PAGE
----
A Pennsylvania judge has dismissed a UPMC data breach lawsuit which was filed following the 27,000-record data breach at the University of Pennsylvania Medical Center, even though more than 788 patients suffered financial losses as a result of the exposure of their Protected Health Information (PHI).
Plaintiffs in the data breach class-action lawsuit allege that their PHI had been exposed as a result of UPMC failing to apply the necessary protections to safeguard their data. As a result of the exposure, not only have the breach victims been placed at a higher risk of suffering identity theft and tax fraud, many have already become victims.
Class-action lawsuits are almost guaranteed after any healthcare data breach. This data breach did not expose healthcare data, but patients did suffer harm. Many lawsuits fail due to a lack of evidence of harm suffered after a breach. In order for a healthcare data breach lawsuit to be successful, there must be some evidence that the plaintiffs have suffered actual harm, damage or losses as a result of their PHI being exposed or stolen. However there must also be evidence of negligence.
In this case, the judge tossed the lawsuit due to there being insufficient evidence to support the case on the grounds of negligence. The evidence suggested that even if UPMC had improved its cybersecurity defenses by using a safer medium for storing PHI, it is unlikely that the breach would have been prevented.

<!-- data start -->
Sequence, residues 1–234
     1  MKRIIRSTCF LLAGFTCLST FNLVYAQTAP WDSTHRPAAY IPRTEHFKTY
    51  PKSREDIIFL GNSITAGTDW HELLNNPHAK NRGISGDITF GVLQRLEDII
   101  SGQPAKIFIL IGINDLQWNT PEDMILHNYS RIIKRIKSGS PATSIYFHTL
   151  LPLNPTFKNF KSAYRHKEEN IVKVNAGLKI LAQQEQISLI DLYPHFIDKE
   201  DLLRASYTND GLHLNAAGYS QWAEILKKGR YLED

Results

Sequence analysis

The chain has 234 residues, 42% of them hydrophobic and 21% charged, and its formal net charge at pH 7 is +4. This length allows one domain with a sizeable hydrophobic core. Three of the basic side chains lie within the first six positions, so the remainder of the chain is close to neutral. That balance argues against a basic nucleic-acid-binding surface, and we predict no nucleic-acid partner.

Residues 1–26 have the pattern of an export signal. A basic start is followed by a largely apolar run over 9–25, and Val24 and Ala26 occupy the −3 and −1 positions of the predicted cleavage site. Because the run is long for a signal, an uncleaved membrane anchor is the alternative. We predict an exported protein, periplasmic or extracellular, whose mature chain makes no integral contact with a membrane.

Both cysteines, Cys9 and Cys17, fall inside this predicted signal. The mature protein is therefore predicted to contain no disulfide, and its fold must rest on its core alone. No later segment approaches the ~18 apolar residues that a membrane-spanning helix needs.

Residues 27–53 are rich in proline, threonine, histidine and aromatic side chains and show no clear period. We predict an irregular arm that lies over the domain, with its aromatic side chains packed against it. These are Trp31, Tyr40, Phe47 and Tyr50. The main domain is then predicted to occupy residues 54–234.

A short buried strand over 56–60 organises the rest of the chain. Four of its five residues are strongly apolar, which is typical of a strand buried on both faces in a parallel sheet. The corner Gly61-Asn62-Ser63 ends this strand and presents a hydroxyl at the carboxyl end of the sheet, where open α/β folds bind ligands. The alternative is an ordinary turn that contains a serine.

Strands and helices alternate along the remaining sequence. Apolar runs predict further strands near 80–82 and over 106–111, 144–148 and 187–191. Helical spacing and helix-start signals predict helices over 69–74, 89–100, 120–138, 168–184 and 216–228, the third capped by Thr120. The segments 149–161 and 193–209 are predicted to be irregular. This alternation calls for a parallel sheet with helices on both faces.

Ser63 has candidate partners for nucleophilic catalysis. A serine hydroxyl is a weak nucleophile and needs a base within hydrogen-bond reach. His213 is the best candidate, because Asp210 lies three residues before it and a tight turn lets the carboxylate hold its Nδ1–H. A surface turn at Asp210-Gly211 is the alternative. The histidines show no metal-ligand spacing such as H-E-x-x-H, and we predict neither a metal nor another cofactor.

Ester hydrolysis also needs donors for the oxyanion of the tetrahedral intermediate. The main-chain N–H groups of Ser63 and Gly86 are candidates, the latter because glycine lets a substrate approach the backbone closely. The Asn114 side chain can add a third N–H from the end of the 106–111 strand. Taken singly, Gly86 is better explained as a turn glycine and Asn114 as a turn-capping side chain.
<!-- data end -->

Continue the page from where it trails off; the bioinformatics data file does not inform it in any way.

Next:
A breach was suffered, patients suffered losses, but since the data breach could not realistically have been prevented, there could be no liability. This proved to be the case in the UPMC data breach.
UPMC Data Breach Lawsuit Tossed as UPMC not Negligent
The UPMC data breach lawsuit was heard by Common Pleas Judge R. Stanton Wettick who also stated that UPMC was also a victim. He also said that prior to the data breach occurring, there was no “meeting of the minds” in which liability for data breaches was discussed.
The UPMC data breach was not suffered by UPMC directly; the data breach affected a Business Associate (BA) of the healthcare provider. Cases have been successfully filed against BAs for data breaches, and class-action lawsuits have previously been successful.
In 2010, Stanford Hospital & Clinics and one of its Business Associates had to pay out a large settlement to resolve a class-action data breach lawsuit filed after a breach of 20,000 records. The data was posed on a third party website which lacked the necessary protections to keep the data secure.
That lawsuit was filed for a breach of the California Confidentiality of Medical Information Act (CMIA). In that case, the healthcare provider and its Business Associate could have and should have taken actions to prevent the breach, and they for forced to pay $4 million to settle the class action lawsuit.